How FKA twigs' 'Water Me' helped me accept and process loss
Welcome to Formative Jukebox, a column exploring the personal relationships people have with music. Every week, I or a guest writer will tackle a song, album, show, or musical artist and their influence on our lives. Tune in every week for a brand new essay.
June 25, 2014 was the first time I listened to FKA twigs; I know this not because I have some sort of supernatural memory, but because I keep pretty good records of my listening habits on Last.fm. That day, I played through five of her songs. Four of them are great; the fifth is “Water Me.”
“Water Me” is a song about wanting to grow with a person, a partner, who doesn’t think the relationship is worth its time. Or, as twigs sings it in a strangled whisper, “I’ve set the fee / He said it’s too much in pounds.” She reaches her hand out, and he lets it fall; “He told me I was so small / I told him ‘Water me’.”
May 11, 2014 is the day I became pregnant. Or maybe it was May 12; but the act that launched the pregnancy took place on May 11, which would be insignificant on its own if it hadn’t been Mother’s Day that year. As my partner and I lied on my bedroom floor, sun streaming through the small set of bay windows in my tiny room, I thought, briefly, that something was off. But I was in love; my heart was an overflowing glass and I was drinking in the beauty of the world, of the man next to me, of my own body, which had been the source of so much anguish in my teenage years. I was nervous about graduating college and supporting myself, but I was sure that things were going to work out. I had a job; I was living with friends; I wasn’t going to be alone and unloved, for a long time at least.
Less than two months later, I walked into a Planned Parenthood with an empty stomach, having spent the past week violently expelling every crumb of food and drink from my body. The day before had been Independence Day, and while the rest of my friends had gorged on ribs at a beachside BBQ, I’d cried myself to sleep in my broken twin bed, hands clasped with my partner’s in some sort of demented prayer. Even though I didn’t say it out loud, I kept thinking of every way I had “failed.” To be a responsible person. To be a safe person. To be a smart person. To be a daughter. To be a mother.
The first meal I had, and kept down, after my abortion was ribs, which I ate lustily as the fat dripped down the length of my trembling arms.
One night a couple of months ago, I was on the verge of a panic attack, something I’ve had on and off throughout college and began to have more regularly this year. Normally, I suffer them alone, but this time I was with my partner, who took action immediately and gently. With patient motion, he turned off the lights in his bedroom and held me, my back into his chest, as “Water Me” floated out of his speakers. Before that moment, I’d mostly only listened to FKA twigs’ LP1; his choice of song wasn’t surprising (he’s a fan of twigs as well), but for the first time, I listened closely, breathing in and out every two beats. The lyrics are simple, sad without being bitter, addressing loss and acceptance at once and as one.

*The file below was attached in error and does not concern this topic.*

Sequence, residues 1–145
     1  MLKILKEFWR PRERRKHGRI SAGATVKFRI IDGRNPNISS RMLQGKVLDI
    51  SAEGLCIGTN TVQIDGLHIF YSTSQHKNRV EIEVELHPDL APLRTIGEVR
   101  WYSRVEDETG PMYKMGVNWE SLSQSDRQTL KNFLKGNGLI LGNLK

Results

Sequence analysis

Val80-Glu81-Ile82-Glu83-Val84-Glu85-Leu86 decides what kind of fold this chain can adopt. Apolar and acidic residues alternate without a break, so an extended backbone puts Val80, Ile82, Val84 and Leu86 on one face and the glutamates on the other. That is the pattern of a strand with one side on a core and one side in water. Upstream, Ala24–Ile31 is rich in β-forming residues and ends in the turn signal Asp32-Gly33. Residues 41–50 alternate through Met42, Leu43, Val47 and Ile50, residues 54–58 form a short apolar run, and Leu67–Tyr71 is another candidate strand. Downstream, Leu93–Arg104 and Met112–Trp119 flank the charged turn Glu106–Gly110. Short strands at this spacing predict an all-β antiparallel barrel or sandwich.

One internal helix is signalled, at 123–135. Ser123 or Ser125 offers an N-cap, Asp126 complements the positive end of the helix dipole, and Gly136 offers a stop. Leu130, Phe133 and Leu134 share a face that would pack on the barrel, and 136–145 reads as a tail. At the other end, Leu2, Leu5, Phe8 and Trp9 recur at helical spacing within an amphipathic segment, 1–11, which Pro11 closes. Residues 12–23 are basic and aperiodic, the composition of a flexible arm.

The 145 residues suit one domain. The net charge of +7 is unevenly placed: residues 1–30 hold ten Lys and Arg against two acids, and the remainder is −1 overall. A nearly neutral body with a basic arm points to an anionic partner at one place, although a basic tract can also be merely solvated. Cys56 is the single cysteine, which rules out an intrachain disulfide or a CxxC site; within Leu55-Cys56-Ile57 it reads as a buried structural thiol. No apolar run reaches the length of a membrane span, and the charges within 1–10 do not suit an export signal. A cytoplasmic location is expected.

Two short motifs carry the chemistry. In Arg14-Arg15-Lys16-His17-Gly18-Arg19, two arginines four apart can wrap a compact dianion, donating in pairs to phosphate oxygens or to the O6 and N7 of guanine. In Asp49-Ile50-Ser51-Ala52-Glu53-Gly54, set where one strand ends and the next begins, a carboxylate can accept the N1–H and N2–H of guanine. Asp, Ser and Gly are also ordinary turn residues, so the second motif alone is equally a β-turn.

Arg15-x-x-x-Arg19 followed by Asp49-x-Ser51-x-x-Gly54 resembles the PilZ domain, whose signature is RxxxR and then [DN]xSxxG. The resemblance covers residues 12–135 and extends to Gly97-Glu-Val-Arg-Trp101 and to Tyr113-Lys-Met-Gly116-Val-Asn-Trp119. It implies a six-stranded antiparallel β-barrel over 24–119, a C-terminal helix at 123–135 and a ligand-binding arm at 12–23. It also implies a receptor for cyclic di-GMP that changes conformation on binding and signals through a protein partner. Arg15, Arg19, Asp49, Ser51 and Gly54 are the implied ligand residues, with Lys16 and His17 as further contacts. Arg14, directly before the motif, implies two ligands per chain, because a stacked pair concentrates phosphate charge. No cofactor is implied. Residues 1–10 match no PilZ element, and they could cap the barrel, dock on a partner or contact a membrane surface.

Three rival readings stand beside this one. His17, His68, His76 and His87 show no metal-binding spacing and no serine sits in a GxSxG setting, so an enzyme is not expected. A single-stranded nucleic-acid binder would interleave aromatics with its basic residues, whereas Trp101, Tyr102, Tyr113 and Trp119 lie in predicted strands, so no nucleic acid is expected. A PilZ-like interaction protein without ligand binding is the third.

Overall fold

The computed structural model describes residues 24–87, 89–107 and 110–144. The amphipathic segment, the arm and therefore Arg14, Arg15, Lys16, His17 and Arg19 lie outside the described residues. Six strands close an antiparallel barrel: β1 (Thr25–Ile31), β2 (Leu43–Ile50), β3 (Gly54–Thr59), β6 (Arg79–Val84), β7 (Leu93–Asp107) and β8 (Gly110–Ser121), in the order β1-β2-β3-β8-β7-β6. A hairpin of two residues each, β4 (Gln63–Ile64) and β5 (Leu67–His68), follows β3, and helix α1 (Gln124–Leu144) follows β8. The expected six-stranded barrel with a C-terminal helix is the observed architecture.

“I promise I can grow tall / when making love is free.”
It hit me, hard: Yes, twigs was singing about her lover and the disparate valuation of love between them, but it’s easy to take the core sentiment of a song and transpose it onto something else. In my case, my lover was right next to me, tethering me to him as I shook with sudden sobs. The thing I’d “lost” had been gone for over a year, and yet here I was, still struck with the aftershocks.
Though I thought I’d known better than to berate myself for not having “known better,” in my head, I was the inattentive gardener in twigs’ song; as soon as my body had demanded more of me, I’d let it down. I’d let me down, and despite outwardly preaching self-love and self-care and the abandoning of shame and stigma for others, I hadn’t been able to do the same for myself. Except — what had I actually done wrong? I’d left no one and nothing behind; and here I was, with my relationships intact, with my future as clear and unclouded as a pure beam of light, or perhaps a pool of peerless water.
When “Water Me” finished, I didn’t feel changed—for the most part, my feelings about the past two years, about my relationships and the things we’ve gone through together, are the same. What did feel different was my understanding of it all — the pain, the loss, the love that my partner and friends wrapped around me, swaddling me in affection and support. I am grateful that I didn’t have to do it alone, and even more grateful that I don’t have to keep it a secret or constantly explain myself. That when the stakes rose, my loved ones met them. That when I felt small, they held me together and toward the future.
In August of 2015, in an interview about her EP M3LL155X, which plays on the nature of birth and motherhood, twigs shared this: “You can get pregnant with pain and birth creativity. You can birth being yourself. . .Being humble and staying committed to being the person you want to be despite criticism, prejudice, and everything you’ve been through. Just being you.”
To be your own: It is all you could ever want.
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(Image by Ignasi Monreal via Instagram.)